Home

ARCHIVES
(5866 articles):
 

EDITORIAL TEAM:
 
Clive Price-Jones 
Diego Meozzi 
Paola Arosio 
Philip Hansen 
Wolf Thandoy 


If you think our news service is a valuable resource, please consider a donation. Select your currency and click the PayPal button:



Main Index
Podcast


Archaeo News 

13 December 2016
Burnt Iron Age house unearthed in Denmark

Whether the fire was accidental or purposeful, it was fierce. "Virtually nothing survived," says Mikkel Kieldsen, an archaeologist with Viborg Museum (Denmark), who is leading the excavation. "They would have had to leave everything behind as it was.
     Kieldsen explains: "Six months ago, a boy came in with some shards of pottery that were clearly from the Iron Age. But there was no trace of fire on them, so we thought it was a grave in a field that had been ploughed. But then last year, some shards showed up with traces of fire on them. So with that, we thought that it might come from the remnants of a house."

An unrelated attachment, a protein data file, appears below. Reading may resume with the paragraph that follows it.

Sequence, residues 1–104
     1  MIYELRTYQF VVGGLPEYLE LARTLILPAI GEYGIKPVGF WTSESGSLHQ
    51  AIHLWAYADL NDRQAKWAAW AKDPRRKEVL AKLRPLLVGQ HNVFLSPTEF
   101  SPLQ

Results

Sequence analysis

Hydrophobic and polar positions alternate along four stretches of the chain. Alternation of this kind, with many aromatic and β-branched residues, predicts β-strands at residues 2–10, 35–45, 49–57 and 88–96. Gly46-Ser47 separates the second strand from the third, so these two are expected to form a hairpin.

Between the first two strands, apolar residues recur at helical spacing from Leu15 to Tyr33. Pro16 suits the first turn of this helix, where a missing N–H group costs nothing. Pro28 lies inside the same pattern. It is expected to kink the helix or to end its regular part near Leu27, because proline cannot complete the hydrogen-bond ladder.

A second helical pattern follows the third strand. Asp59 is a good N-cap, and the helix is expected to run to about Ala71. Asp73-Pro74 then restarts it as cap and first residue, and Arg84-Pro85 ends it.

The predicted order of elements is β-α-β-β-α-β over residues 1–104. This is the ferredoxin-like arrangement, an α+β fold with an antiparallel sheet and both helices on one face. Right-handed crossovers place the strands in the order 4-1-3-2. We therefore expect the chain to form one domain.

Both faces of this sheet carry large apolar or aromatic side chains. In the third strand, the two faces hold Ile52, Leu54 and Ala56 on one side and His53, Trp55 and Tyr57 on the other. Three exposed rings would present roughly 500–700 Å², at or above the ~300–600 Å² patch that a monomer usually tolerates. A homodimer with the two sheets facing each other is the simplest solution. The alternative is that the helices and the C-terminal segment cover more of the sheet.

Full scale excavation began in October. At 18 metres long by 5.5 metres wide, the house was larger than the typical Iron Age home. "The size of the house indicates that there were between seven and ten family members with living quarters in the west and animals in the east. The length of the house could indicate that they had more animals than is usual," says Kieldsen.
     Remnants of old animal stalls were uncovered in the eastern end of the house. "The stalls were 80 to 90 centimetres wide, and for smaller animals than we have today. They might've been goats or pigs," Kieldsen adds.
     The house dates to around 100 CE. Finds include three clay pots, and some unidentified rusted objects. X-ray analyses may help archaeologists work out what these metal objects were.
     Kieldsen reveals: "When you stand here, you come very close to the people who once lived in the house. You can see precisely where their ceramics once stood with their contents. Next to the stone mortar there's a container, which is now broken. They've stood and crushed ingredients in the stone and then placed it in the container, which then went into the fireplace."
     "Without the fire, we couldn't have seen these unique details. It preserved the house exactly as it was used in the Iron Age", concludes Kieldsen.

Edited from ScienceNordic (27 November 2016)

Share this webpage:


Copyright Statement
Publishing system powered by Movable Type 2.63

HOMESHOPTOURSPREHISTORAMAFORUMSGLOSSARYMEGALINKSFEEDBACKFAQABOUT US TOP OF PAGE ^^^